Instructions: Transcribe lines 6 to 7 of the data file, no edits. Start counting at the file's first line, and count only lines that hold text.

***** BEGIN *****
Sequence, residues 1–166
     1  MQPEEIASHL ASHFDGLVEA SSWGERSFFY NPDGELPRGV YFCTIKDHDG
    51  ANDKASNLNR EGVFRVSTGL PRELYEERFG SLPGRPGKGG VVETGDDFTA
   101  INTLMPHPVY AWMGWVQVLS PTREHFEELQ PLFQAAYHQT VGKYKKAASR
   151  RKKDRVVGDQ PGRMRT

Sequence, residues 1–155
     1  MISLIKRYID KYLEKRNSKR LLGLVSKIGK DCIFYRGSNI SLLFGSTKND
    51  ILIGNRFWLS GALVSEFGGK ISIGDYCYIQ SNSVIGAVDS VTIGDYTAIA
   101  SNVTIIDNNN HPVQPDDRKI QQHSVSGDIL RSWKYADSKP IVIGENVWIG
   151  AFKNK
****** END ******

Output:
Sequence, residues 1–155
     1  MISLIKRYID KYLEKRNSKR LLGLVSKIGK DCIFYRGSNI SLLFGSTKND